Mike Vanderjagt, possibly the most overpaid player in the NFL last season, was released in November and replaced by Martin Gramatica, who is also a free agent.
Depending on what Phillips and Garrett decide, the offensive line could see a major overhaul or just a few tweaks. If the Cowboys choose to upgrade through free agency, guard Eric Steinbach and tackle Leonard Davis are the top available free agents in a thin class, but neither will come cheaply.
The kicking game is also an issue. The Cowboys could re-sign Gramatica, who converted 7-of-9 field goals last season, including 3-of-5 from beyond 40 yards. Or, if the team is willing to lay down some cash, the Seahawks' Josh Brown is available. After spotting Vanderjagt a $2.5 million signing bonus last off-season, Dallas may be hesitant to go down that road again.
Adding depth in the secondary isn't a top priority but should be addressed, if not in free agency then via the draft. Roy Williams struggles in coverage, and Pat Watkins had an uneven rookie season. Tony Parrish was signed in December but is an unrestricted free agent.
The Giants jumped out to a 6-2 start, then backed into the playoffs at 8-8. After a wild card loss to the Eagles, Tom Coughlin was expected to lose his job, but instead received a one-year extension. Defensive coordinator Tim Lewis wasn't so lucky. He was fired, and the team hired Eagles linebackers coach Steve Spagnuolo to replace him. There is some speculation that Coughlin is only a placeholder for 2007, and the team will make a run at one of the big-name coaches likely to be available next off-season.
In case you haven't heard, Tiki Barber has retired. Brandon Jacobs is Barber's obvious successor, but there is no depth behind him.
New York has nine unrestricted free agents. Center Shaun O'Hara, who can also play guard, performed well last season, but the Giants will only re-sign him at the right price. Linebacker Brandon Short probably will not be back but that could depend, in part, on LaVar Arrington's recovery from an Achilles injury. Carols Emmons is perpetually injured and could be released. The Giants hope second-year outside linebacker Gerris Wilkinson is ready to step into a starting role.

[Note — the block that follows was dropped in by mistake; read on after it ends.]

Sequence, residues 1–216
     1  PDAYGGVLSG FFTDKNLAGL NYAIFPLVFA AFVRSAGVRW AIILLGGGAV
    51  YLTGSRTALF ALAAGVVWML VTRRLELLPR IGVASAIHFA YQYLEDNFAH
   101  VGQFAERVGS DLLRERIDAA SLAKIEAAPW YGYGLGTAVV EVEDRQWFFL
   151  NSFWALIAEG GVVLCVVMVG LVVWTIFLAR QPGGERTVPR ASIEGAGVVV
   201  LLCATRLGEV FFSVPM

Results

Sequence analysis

Kicker Jay Feely is also a free agent but will probably be re-signed. The only other notable free agent is backup tight end Visanthe Shiancoe. He was a third-round pick in 2003, but has only 32 receptions in four seasons. The Giants might let him go, especially if the team feels Darcy Jackson is ready to graduate from the practice squad to the 53-man roster.
New York ranked 13th in defensive efficiency last season, which is astounding considering all the injuries. Defensive ends Michael Strahan (foot) and Osi Umenyiora (hip) missed considerable time, and there is no guarantee Arrington will ever fully recover from a torn Achilles. Based on the health of New York's front seven, defensive line and linebacker depth could be a priority. Adalius Thomas and Lance Briggs are two intriguing names, though both could receive the franchise tag from their current teams.
The secondary was a liability for most of the season. Sam Madison's poor play was the only reason more wasn't written about Corey Webster's sophomore slump. Either Asante Samuel and Nate Clements would be marked upgrades, but both would be costly.